In 2023, the tech industry witnessed a significant reduction in its diversity, equity, and inclusion (DEI) programmes, starkly contrasting the increase in commitment these companies demonstrated following George Floyd’s murder in 2020 and the Black Lives Matter movement.
Notably, tech giants such as Google and Meta scaled back their DEI efforts, which included making redundant DEI staff and leaders of diverse employee resource groups, reducing learning and development programmes, and cutting budgets for external DEI groups by as much as 90%.
This decline in DEI initiatives coincided with a 44% drop in DEI-related job postings from the previous year and a 23% decrease in November 2023 compared to the same month in 2022. This downturn was especially notable given the nearly 30% increase in such postings from 2020 to 2021.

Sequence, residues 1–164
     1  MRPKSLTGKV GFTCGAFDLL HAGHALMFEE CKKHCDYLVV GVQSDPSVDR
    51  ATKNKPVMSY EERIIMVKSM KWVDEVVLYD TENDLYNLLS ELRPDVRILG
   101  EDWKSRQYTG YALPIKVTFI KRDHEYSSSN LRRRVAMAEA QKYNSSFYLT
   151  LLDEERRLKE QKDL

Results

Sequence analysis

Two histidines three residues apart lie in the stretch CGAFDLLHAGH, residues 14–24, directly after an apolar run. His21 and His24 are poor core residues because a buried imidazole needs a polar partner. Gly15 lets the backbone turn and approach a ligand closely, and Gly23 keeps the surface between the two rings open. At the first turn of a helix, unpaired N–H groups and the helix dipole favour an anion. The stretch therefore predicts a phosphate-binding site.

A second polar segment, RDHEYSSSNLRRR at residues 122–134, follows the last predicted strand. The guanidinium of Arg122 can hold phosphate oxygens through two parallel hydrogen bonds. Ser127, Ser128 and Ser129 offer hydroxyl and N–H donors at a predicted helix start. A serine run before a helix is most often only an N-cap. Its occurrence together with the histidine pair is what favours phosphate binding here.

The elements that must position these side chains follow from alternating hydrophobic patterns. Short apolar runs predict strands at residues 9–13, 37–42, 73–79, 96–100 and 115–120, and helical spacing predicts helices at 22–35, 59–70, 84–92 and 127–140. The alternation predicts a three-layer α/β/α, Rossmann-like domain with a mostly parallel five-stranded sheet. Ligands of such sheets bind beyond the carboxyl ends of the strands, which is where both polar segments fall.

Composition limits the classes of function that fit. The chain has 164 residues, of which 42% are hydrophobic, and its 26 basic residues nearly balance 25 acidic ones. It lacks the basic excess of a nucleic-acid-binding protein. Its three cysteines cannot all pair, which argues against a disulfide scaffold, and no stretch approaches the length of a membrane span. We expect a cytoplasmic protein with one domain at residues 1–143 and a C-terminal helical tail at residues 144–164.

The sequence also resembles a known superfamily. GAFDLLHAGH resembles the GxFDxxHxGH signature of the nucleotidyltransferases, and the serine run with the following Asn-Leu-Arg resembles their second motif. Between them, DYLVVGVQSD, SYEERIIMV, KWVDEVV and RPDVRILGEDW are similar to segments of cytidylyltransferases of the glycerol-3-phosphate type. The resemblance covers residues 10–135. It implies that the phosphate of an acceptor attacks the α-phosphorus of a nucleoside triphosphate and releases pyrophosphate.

Experts warn that reducing DEI initiatives, particularly when AI development advances rapidly, could lead to less inclusive and potentially biased AI products. The lack of diversity in AI development teams is a concern, as it may result in technology that fails to represent or even harms underrepresented users.
The trend also affects the broader effort to create more equitable and diverse workplaces within the tech sector.
Stanford Study Finds No Rise in Cheating with ChatGPT in High Schools
Education, Artificial Intelligence